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Inferring resilience to fragmentation-induced changes in plant communities in a semi-arid Mediterranean ecosystem.

Research paper by Ángel Á de Frutos, Teresa T Navarro, Yolanda Y Pueyo, Concepción L CL Alados

Indexed on: 20 Mar '15Published on: 20 Mar '15Published in: PloS one



Abstract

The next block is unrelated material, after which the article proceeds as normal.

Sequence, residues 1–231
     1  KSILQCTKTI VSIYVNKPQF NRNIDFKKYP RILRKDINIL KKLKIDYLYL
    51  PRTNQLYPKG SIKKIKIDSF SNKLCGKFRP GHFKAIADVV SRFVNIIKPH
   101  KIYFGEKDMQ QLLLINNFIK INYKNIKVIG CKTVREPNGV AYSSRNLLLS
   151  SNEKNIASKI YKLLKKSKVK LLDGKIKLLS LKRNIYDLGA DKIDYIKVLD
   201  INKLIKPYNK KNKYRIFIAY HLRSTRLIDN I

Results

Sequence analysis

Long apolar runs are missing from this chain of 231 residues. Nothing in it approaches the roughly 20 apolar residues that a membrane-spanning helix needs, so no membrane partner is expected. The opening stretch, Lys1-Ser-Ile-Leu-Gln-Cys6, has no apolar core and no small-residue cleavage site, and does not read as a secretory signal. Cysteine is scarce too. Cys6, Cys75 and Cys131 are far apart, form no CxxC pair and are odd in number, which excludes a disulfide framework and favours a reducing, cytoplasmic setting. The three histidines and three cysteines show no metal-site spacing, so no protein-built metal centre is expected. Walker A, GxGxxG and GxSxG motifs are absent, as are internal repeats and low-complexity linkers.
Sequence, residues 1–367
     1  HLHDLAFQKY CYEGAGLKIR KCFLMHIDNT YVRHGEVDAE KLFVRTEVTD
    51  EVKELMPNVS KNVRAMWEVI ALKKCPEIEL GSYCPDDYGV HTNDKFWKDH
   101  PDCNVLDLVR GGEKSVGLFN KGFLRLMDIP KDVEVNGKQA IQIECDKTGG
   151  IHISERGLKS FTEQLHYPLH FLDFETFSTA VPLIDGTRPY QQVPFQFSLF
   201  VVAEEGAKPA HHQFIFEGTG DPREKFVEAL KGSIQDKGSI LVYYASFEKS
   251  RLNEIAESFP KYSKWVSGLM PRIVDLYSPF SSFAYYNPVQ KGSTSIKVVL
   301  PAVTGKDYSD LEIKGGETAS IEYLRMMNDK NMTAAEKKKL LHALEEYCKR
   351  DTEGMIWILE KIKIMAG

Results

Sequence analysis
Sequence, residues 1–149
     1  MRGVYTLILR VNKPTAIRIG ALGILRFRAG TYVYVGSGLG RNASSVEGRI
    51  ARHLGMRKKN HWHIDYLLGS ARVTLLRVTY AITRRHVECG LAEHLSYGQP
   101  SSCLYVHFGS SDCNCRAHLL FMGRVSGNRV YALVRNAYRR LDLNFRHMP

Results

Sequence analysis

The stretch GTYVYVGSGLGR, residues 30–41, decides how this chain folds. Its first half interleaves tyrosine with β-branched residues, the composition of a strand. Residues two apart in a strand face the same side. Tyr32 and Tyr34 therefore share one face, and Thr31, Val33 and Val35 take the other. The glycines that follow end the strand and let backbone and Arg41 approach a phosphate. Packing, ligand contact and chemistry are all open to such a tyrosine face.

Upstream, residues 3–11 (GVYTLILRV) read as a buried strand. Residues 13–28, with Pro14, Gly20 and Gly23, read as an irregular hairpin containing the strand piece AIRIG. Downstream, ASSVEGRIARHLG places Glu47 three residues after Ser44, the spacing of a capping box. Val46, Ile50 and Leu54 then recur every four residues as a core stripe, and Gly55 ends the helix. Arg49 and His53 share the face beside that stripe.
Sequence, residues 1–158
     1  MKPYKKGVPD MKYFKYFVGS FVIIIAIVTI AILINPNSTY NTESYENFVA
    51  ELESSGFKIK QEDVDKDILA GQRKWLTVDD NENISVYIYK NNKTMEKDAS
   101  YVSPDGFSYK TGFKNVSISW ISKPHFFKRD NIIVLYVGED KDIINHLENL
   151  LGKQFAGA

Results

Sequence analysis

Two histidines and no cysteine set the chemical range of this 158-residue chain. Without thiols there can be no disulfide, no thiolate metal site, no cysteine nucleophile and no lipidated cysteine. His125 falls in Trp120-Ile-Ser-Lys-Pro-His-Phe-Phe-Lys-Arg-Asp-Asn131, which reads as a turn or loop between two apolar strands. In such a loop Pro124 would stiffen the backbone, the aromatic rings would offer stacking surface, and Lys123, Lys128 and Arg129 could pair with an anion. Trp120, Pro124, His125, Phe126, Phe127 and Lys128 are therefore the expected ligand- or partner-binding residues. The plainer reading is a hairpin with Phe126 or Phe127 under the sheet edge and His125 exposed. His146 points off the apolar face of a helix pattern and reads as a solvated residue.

Predicting the capacity of ecosystems to absorb impacts from disturbance events (resilience), including land-use intensification and landscape fragmentation, is challenging in the face of global change. Little is known about the impacts of fragmentation on ecosystem functioning from a multi-dimensional perspective (multiple traits). This study used 58 500-m linear transects to quantify changes in the functional composition and resilience of vascular plant communities in response to an increase in landscape fragmentation in 18 natural scrubland fragments embedded within a matrix of abandoned crop fields in Cabo de Gata-Níjar Natural Park, Almería, Spain. Changes in functional community composition were measured using functional diversity indices (functional richness and functional dispersion) that were based on 12 plant traits. Resilience was evaluated using the functional redundancy and response diversity from the perspective of plant dispersal, which is important, particularly, in fragmented landscapes. Scrubland fragmentation was measured using the Integral Index of Connectivity (IIC). The functional richness of the plant communities was higher in the most fragmented scrubland. Conversely, the functional dispersion (i.e., spread) of trait values among species in the functional trait space was lower at the most fragmented sites; consequently, the ecological tolerance of the vegetation to scrubland fragmentation decreased. Classifying the plant species into four functional groups indicated that fragmentation favoured an increase in functional redundancy in the 'short basal annual forbs and perennial forbs' group, most of which are species adapted to degraded soils. An assessment based on the traits associated with plant dispersal indicated that the resilience of 'woody plants', an important component in the Mediterranean scrubland, and habitat fragmentation were negatively correlated; however, the correlation was positive in the 'short basal annual forbs and perennial forbs' and the 'grasses' groups.

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